Looking at Pochettino’s reign in charge so far at the London club, there have been instances to pick out where they have fallen at crucial moments.
In his debut campaign in 2014-15, Spurs reached the League Cup final against fellow Londoners Chelsea, but eventually lost out 2-0 in the former Espanyol manager’s first cup final appearance as the manager.
In the Argentine’s second season in charge, it is hard to forget the collapse towards the end of the 2015-16 league campaign, where they went from being Leicester City’s biggest title challengers to not picking up a single victory in their last four league matches. In the last game of the season, Pochettino’s men suffered an embarrassing 5-1 away defeat at the hands of relegated Newcastle United and to make matters even worse, it saw their arch nemeses Arsenal claim second spot ahead of them.
Last season, despite claiming second position in the league, the team failed to qualify out of a Champions League group that many expected them to flourish in. This meant another crack at a possible Europa League crown, but the team failed to get past the round of 32 stage. The team reached an important FA Cup semi-final match-up against Chelsea, but failed again, which continued their drought of not claiming the cup since 1991.
Over the last near four seasons, Pochettino has not possessed the best track record in European competition. The 46-year-old has managed three Europa League stints, with the team not progressing past the last 16 stage.
In Europe’s elite club competition, they managed to improve on their performance last campaign, which was Pochettino’s second taste of Champions League football. Despite improving on being knocked out in the group stage last campaign to reaching the round of 16 this season, Tottenham only added to their reputation as a team that keep falling when it matters most.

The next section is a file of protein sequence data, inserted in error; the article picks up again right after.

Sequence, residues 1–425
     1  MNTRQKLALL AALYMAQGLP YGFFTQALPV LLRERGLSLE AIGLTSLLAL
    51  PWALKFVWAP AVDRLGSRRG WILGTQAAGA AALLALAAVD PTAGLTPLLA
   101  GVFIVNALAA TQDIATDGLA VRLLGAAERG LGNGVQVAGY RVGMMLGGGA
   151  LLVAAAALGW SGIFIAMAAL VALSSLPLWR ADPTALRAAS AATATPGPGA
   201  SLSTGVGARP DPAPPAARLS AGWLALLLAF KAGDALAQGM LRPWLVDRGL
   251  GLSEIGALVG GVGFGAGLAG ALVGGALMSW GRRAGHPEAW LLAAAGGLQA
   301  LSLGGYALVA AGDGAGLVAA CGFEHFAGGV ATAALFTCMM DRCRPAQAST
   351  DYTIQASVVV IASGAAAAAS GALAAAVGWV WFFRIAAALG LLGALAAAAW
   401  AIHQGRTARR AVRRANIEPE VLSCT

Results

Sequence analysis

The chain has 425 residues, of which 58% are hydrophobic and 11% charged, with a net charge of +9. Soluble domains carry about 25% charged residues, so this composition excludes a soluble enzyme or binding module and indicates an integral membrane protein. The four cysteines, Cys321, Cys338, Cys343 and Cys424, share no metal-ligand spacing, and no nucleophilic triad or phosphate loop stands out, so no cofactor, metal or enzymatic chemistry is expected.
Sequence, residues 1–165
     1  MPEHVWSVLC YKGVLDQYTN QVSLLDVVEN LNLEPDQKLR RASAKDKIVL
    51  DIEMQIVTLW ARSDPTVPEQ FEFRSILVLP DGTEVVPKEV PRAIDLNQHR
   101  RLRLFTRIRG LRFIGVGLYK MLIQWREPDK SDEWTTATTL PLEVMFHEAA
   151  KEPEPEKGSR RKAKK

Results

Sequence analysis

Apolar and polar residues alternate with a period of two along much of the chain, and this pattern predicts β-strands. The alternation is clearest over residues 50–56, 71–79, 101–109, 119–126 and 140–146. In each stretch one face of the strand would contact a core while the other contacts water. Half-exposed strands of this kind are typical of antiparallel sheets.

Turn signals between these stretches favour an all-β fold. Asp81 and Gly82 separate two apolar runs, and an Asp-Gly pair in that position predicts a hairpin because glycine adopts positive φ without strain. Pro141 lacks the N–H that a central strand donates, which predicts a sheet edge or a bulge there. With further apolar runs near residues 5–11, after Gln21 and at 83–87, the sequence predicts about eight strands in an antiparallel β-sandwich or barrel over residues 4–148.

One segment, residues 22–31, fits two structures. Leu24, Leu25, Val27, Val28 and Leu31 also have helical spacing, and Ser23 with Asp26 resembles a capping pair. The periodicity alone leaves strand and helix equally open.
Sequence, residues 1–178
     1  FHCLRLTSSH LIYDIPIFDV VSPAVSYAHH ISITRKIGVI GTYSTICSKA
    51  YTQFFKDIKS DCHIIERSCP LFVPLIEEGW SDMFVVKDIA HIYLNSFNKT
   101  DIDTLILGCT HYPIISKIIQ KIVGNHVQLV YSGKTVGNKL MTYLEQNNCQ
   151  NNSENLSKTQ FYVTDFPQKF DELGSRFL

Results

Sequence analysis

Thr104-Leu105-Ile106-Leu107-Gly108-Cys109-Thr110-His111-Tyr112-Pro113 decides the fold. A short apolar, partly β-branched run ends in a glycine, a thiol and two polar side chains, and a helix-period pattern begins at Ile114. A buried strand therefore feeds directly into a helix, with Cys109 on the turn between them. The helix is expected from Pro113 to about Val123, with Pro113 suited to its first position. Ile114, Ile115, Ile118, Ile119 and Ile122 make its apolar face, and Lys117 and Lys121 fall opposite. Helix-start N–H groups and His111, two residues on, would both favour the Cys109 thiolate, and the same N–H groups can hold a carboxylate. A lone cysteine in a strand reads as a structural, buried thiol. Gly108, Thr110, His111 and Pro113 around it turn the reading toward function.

Juve defender Giorgio Chiellini summed up the match up brilliantly in his post-match interview, saying “it’s the history of Tottenham,” and further stating “we believe in history, we saw it between Paris (PSG) and Real (Real Madrid). The history is important, with experience it is important and we used our skill.”
It is important to note as well that Pochettino has arguably assembled a better squad than that of Harry Redknapp’s when he was in charge at the helm. However, the English manager has got Tottenham further in the competition and that was when they were knocked out in the quarter-finals by Real Madrid in 2011.
Pochettino can rue on that decisive three-minute period that ended another hope of European glory, but now they must turn their attentions back domestically as they aim to maintain their status in the top four when the side travel to Bournemouth this weekend, before looking to continue their run in the FA Cup when they travel to Wales to take on Swansea City in the quarter-finals.
What do we think is going to happen? Will Pochettino claim a first trophy by winning the FA Cup? Or will it be another trophyless season?
If Spurs come to the end of another season without silverware, question marks are certainly going to be raised over Pochettino. Even if the Argentine is able to successfully qualify for the Champions League for a third campaign running, in this day and age, fans want and expect success.